Memory of Jesus crucified

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Reading of the Word of God

Praise to you, o Lord, King of eternal glory

This is the Gospel of the poor,
liberation for the imprisoned,
sight for the blind,
freedom for the oppressed.

Praise to you, o Lord, King of eternal glory

Matthew 21,33-43.45-46

'Listen to another parable. There was a man, a landowner, who planted a vineyard; he fenced it round, dug a winepress in it and built a tower; then he leased it to tenants and went abroad. When vintage time drew near he sent his servants to the tenants to collect his produce. But the tenants seized his servants, thrashed one, killed another and stoned a third. Next he sent some more servants, this time a larger number, and they dealt with them in the same way. Finally he sent his son to them thinking, "They will respect my son." But when the tenants saw the son, they said to each other, "This is the heir. Come on, let us kill him and take over his inheritance." So they seized him and threw him out of the vineyard and killed him. Now when the owner of the vineyard comes, what will he do to those tenants?' They answered, 'He will bring those wretches to a wretched end and lease the vineyard to other tenants who will deliver the produce to him at the proper time.' Jesus said to them, 'Have you never read in the scriptures: The stone which the builders rejected has become the cornerstone; this is the Lord's doing and we marvel at it? 'I tell you, then, that the kingdom of God will be taken from you and givena people who will produce its fruit.' When they heard his parables, the chief priests and the scribes realised he was speaking about them, but though they would have liked to arrest him they were afraid of the crowds, who looked on him as a prophet.

 

Praise to you, o Lord, King of eternal glory

The Son of Man came to serve,
whoever wants to be great
should become servant of all.

Praise to you, o Lord, King of eternal glory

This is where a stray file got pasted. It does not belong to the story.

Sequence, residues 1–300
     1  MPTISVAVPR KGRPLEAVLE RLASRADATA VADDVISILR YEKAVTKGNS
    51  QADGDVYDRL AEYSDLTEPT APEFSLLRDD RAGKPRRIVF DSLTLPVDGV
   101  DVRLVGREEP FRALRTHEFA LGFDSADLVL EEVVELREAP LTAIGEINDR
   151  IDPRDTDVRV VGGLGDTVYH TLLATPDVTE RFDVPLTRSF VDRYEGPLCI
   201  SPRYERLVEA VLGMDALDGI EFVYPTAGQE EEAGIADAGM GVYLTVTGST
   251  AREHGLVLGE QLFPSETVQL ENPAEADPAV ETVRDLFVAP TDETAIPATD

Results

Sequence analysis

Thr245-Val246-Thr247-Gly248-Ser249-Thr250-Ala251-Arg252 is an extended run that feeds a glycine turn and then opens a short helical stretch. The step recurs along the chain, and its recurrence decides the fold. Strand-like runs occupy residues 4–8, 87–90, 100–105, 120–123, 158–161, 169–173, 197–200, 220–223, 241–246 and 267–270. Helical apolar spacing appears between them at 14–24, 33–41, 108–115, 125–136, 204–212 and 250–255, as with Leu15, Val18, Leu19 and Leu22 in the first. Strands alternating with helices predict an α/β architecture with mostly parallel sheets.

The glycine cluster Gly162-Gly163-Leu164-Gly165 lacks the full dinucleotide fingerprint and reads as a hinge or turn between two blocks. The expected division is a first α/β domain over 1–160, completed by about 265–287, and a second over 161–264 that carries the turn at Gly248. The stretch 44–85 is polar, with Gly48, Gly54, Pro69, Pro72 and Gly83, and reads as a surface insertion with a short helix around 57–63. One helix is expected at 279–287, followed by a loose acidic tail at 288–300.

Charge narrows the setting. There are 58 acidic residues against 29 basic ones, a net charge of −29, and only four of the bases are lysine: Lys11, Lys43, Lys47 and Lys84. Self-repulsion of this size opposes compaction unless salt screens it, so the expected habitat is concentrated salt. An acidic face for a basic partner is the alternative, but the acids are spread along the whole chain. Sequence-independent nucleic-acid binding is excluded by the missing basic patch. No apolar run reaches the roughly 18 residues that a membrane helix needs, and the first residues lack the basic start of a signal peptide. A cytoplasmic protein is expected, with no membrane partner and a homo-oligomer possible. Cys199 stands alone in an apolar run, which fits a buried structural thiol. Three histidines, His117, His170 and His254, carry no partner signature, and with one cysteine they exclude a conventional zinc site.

To those who were listening this parable at Jesus' time it was clear that the vineyard represented the people of Isarel, and the master was God who was taking care of it with unbelievable love. The parable has its apex when the harvest comes, and the landowner sends his servants to the tenants to collect the harvest. Their reaction of the tenants is violent: as soon as they arrive, they are caught and one is beaten, another killed, and another stoned. The landowner, puzzled by this violence, sends servants "again", but they suffer the same fate. Finally, Jesus says, the landowner sends his own son, believing, "They will respect my son." But the fury of the tenants explodes even more ferociously; they seize him, throw him out of the vineyard, and kill him. These words literally describe the refusal of welcoming Jesus that not only individuals but the very city and its inhabitants had. Jesus was born outside of Bethlehem; he died outside of Jerusalem. Jesus denounces very lucidly and courageously the infidelity that goes so far as rejecting the Gospel and crucifying him. The Lord expected the "fruits" from the "vineyard", but he was "repaid" with the killing first of the servants and finally of His Son himself. God, however, does not resign himself. The Son enlists new tenants who will take care of the vineyard and it will bear new and abundant fruits. The new people of God is qualified by the "fruits" of the Gospel: that is, by the faith which generates works of justice and mercy. In other words, the fruits coincide with fidelity to God's love and his Gospel. As it is written (Jn 15:2): "He removes every branch in me that bears no fruit." And again, "You will know them by their fruits."